Cygnophobia and Robustness

Thu, Dec 11, 2008 | Jared Woodard

Books, Volatility

What is fear of swans called? We’ve searched and although it doesn’t seem to exist – so far – can we suggest ‘cygnophobia’, from the latin cygnus for swan?


People love them some Taleb, and for good reason.  Both The Black Swan and Fooled by Randomness are good reads, with interesting and provocative ideas scattered liberally throughout.  But ever since the notion of the “black swan” (an unpredictable and counterfactually inexplicable event with some dramatic impact) has been taken up among traders, a misconception has prevailed.  The misconception is that shorting volatility is prohibitively dangerous, if seductive, and therefore that being long volatility is the only rational approach.  This view is certainly bolstered by the fact that Taleb’s Universa fund reportedly pursued a strategy over many years of buying cheap OTM puts in anticipation of some market-crushing black swan(s).  Doubters and haters jeered for years and the real estate and commodity bubbles kept inflating, and now, conversely, the media having been tripping over each other to get Taleb’s take on everything.

But the misconception really is just that – a misunderstanding of the implications of Taleb’s own claims and concepts.  What matters isn’t whether you’re long or short volatility, or long or short the market, or long/short long/short funds or neutral market-neutral funds, or etc.  What matters is robustness, how vulnerable you are to the unknown, to fat tail or high sigma or “black swan” outcomes. An investor whose retirement account lost 30% in 2008 because their mutual funds got plowed along with the market was somewhat vulnerable and non-robust, but it’s not as though they could (or should) have done otherwise, even according to Taleb.  On the other hand, a bank blowing up or a municipality that can’t even give its bonds away because neither of them can survive in a hostile credit environment are examples of agents who are very vulnerable and not at all robust.

In a lecture in 2007 to the RSA, Taleb clarified this point:

So this is why when people are trying to sell volatility, those [of you who are] option traders you understand that you’ve got to sell volatility, but not sell black swans. So this is so like my paradigm, in other words, don’t be shy of volatility. And I’ll explain the story of banks by saying [that] the banks have one attribute, this is why you should worry about banks but not hedge funds. Because banks … I don’t know how many of you are bankers, but in my days when I was a banker, so they would find the most dull people they could find and they make you even duller, so to look conservative and safe and effectively they’re sitting on time bombs, the banks. Whereas hedge funds seem volatile but effectively, they don’t have the risk of banks. So it’s an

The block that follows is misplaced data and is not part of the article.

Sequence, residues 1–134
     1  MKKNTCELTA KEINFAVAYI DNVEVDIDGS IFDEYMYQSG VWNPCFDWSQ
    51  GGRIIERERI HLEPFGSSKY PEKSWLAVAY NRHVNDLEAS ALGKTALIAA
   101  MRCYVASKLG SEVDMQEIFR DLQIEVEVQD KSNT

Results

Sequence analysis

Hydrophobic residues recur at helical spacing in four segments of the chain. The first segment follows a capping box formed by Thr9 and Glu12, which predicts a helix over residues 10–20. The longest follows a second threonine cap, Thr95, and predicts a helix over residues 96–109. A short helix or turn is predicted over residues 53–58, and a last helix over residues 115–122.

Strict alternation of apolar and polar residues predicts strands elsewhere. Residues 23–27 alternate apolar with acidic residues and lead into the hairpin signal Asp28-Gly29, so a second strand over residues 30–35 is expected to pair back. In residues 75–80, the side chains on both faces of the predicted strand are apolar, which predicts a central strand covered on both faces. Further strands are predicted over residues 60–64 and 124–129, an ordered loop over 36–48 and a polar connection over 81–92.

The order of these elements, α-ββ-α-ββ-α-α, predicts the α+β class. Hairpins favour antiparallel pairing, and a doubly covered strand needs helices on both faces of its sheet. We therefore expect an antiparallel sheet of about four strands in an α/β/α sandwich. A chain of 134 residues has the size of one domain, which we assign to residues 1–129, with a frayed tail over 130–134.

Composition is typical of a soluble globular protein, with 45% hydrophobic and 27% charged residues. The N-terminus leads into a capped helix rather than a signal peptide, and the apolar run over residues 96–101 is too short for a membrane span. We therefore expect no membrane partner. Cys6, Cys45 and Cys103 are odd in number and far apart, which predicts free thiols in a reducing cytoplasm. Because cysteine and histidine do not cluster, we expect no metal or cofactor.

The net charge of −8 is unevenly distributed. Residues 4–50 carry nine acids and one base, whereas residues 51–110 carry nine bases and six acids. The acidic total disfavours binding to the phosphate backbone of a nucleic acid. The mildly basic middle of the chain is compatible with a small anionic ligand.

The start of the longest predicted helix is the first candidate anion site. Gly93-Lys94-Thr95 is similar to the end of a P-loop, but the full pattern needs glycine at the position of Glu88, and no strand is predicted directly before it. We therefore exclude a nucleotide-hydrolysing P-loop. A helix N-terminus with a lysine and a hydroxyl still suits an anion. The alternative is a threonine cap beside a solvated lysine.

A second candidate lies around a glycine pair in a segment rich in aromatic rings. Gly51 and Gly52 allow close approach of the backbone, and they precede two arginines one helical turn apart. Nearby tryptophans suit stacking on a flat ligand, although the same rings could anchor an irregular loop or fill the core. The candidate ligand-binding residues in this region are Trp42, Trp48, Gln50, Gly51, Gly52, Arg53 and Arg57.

argument in favour … if you happen to be a regulator go favour this intermediate whatever you want to call it, by having more hedge funds because you have a more diverse ideology and less concentrated architecture of banks where everyone ends up trading with JP Morgan in the end. [link]

To put this in terms of option trading: you can sell volatility a hundred different ways, all of them risk-defined and entirely robust to any possible outcome, including the inconceivable ones.  For instance: imagine Singapore invades Alaska tomorrow (they have secret aircraft carriers or whatever) and nationalizes all the oil and kills all the polar bears.  (Oh, wait.)  Markets panic and the S&P 500 gets cut by two thirds overnight.  If you’re short some put verticals, sure, those trades are going to incur their maximum possible losses, but you’ll survive. Or you can sell black swans.  Let’s say the Singaporean invasion occurs, and instead you’re loaded up with naked short puts.  In that case, you might be on the hook for multiples of your current account balance.

For individual traders, the point here is that volatility is your friend.  Paradoxically enough, during the “great moderation” in volatility of the early-to-mid 2000s, people couldn’t get enough information about short vega strategies.  A thousand buy-write flowers bloomed.  Now that there is actually some really meaty volatility premium to work with, we regularly get emails from readers who are “getting out of the market for awhile” not because they blew up an account but merely because they “can’t handle the volatility.”  In short, individual traders have become cygnophobic.  Bizarre, right?  If you’re a volatility trader, the thing to do when the market environment changes isn’t to throw up your hands and refuse to adapt, but to learn some new tricks, or at least tighten up your old ones.

Government regulations, margin requirements, and liquid exchanges go a long way toward protecting most of us from ourselves, as individuals.  Not so for institutions.  And maybe that’s a good way to think about the idiocy of deregulation: allowing banks to be leveraged 30:1 for the purpose of holding illiquid debt was apparently just a fancy way of ensconcing the ludic fallacy as the primary operative principle of American finance.

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Jared Woodard specializes in trading volatility as an asset class. With over a decade of experience trading options and other volatility products ... Read More


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